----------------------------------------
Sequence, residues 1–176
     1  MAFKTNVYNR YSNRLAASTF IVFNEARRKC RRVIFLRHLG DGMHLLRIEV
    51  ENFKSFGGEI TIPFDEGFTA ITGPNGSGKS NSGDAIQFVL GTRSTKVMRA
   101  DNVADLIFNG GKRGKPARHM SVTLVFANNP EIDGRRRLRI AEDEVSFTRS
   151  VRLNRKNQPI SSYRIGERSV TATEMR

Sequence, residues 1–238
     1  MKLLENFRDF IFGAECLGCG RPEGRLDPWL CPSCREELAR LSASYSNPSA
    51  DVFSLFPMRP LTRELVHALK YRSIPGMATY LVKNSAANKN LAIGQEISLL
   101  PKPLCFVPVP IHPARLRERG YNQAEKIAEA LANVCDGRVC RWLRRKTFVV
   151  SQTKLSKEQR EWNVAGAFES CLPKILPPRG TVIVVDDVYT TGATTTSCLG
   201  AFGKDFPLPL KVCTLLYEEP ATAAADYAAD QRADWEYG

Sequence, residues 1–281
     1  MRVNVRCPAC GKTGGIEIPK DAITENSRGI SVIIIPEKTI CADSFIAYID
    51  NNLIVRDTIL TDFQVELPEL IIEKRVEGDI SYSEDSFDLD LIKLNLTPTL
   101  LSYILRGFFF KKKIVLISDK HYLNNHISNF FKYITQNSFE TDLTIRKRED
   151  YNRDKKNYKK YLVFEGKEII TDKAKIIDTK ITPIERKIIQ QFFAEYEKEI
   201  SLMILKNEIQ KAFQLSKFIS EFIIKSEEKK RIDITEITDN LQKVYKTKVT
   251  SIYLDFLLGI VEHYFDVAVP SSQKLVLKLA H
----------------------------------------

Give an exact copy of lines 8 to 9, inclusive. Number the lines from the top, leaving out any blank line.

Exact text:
    51  DVFSLFPMRP LTRELVHALK YRSIPGMATY LVKNSAANKN LAIGQEISLL
   101  PKPLCFVPVP IHPARLRERG YNQAEKIAEA LANVCDGRVC RWLRRKTFVV